Compile me.

I have mixed feelings about compilations, anthologies, best-of collections, greatest hits albums, and the like.

I’ve been thinking about this a little more than usual. Not long ago, a friend asked me if I’d ever given any thought to making my own best-of collection. A few more people have asked me the same thing over the past few years.

While it’s a valid question given how much music there is, I think what I do kind of resists being anthologized. There’s a reason the albums are as sprawling as they are. As much of a minimalist as I’ve been in the past on the production side of things, I think I’m a creative maximalist at heart, and I think it would be almost impossible to put together any kind of collection that came anywhere near giving the listener a full-bodied picture of what I do.

I took a shot at making a Papa Ghostface anthology some years back. By the time I was on the third disc I realized it was pretty hopeless. The only way to give anyone a solid idea of what we were all about would be to hand them copies of SCREAMING NIPPLES, YOU’RE A NATION, SHOEBOX PARADISE, PAPER CHEST HAIR, KISSING THE BALD SPOT, and call it a day. When it comes to my solo work, the well to draw from grows even deeper and more daunting.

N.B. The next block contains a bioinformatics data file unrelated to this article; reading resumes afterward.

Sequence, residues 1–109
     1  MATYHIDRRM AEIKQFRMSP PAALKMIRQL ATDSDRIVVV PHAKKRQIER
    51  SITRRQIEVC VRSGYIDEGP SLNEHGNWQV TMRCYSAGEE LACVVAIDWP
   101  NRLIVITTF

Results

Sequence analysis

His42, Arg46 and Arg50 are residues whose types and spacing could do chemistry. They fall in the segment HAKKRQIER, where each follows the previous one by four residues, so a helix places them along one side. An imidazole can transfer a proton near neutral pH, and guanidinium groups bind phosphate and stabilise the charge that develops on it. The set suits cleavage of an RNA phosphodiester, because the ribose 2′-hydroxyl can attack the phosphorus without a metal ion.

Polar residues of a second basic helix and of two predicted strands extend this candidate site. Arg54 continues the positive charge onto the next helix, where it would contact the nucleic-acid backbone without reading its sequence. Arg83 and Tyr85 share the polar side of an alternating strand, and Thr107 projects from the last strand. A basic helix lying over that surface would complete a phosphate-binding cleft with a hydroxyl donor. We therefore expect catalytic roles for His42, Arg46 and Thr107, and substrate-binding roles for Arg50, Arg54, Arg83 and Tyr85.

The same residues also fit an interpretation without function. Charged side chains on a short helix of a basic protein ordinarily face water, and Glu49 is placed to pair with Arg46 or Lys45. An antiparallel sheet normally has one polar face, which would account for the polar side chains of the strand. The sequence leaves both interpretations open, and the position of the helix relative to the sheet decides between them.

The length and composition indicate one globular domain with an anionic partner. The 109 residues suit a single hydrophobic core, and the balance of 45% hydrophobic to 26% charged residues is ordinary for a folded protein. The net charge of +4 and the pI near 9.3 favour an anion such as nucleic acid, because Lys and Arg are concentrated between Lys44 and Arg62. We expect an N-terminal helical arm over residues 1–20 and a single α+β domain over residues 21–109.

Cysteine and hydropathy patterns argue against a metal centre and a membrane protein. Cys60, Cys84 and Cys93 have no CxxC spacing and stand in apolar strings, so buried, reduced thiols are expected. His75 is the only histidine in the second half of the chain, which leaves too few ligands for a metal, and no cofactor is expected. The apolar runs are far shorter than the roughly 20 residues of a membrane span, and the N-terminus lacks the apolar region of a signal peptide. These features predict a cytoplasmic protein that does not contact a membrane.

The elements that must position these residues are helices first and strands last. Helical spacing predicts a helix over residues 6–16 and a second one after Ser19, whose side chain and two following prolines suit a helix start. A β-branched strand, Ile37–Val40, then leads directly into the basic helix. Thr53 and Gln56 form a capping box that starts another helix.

The only approach that would make any sense at all, to my mind, would be to focus on the most recent chunk of albums, from 2008 to date, and grab the songs that feel like they’re the most accessible or “normal”. Otherwise, I would disappear down the well and never be seen again.

Just for fun, I made a rough sequence of what I felt the obvious choices would be, trying to limit it to around four songs per album. I think the result is (or would be) a pretty strong, consistent, cohesive collection of music.

If you’re interested, the hypothetical track list looks like this:

CD 1

1. A Well-Thought-Out Escape
2. He Was Saved by Poultry from the Shadow of Beef
3. Peculiar Love
4. Blue Cheese Necklace
5. The Sun Is a Red Ball of Lies Tonight
6. Absence Makes the Heart Grow Fondue
7. Defenestrate Your Heart
8. Do the Mountain Hop
9. The Ass, Enchanted with the Sound
10. Sad Excuse for a Muse
11. Is You My Lover Still?
12. Getting into Character
13. Midland Michigan
14. A Fine Line Between Friendship and Baked Goods
15. Generic Love Song to Play at Your Wedding
16. Weird Sex Dream #72
17. Anthropomorphism Dance

CD 2

1. You Make Me Feel like an Impotent Squadger
2. The Cost of Allowing Yourself to Remain Living
3. Jesus Don’t Know My Name
4. Animal Altruism
5. Can’t Get but Been Got
6. I’m a Witness, Not Your Waitress
7. Everyone You Love Is Dead
8. An American Dream
9. Hold onto Your Friends, for They Will All Turn to Dust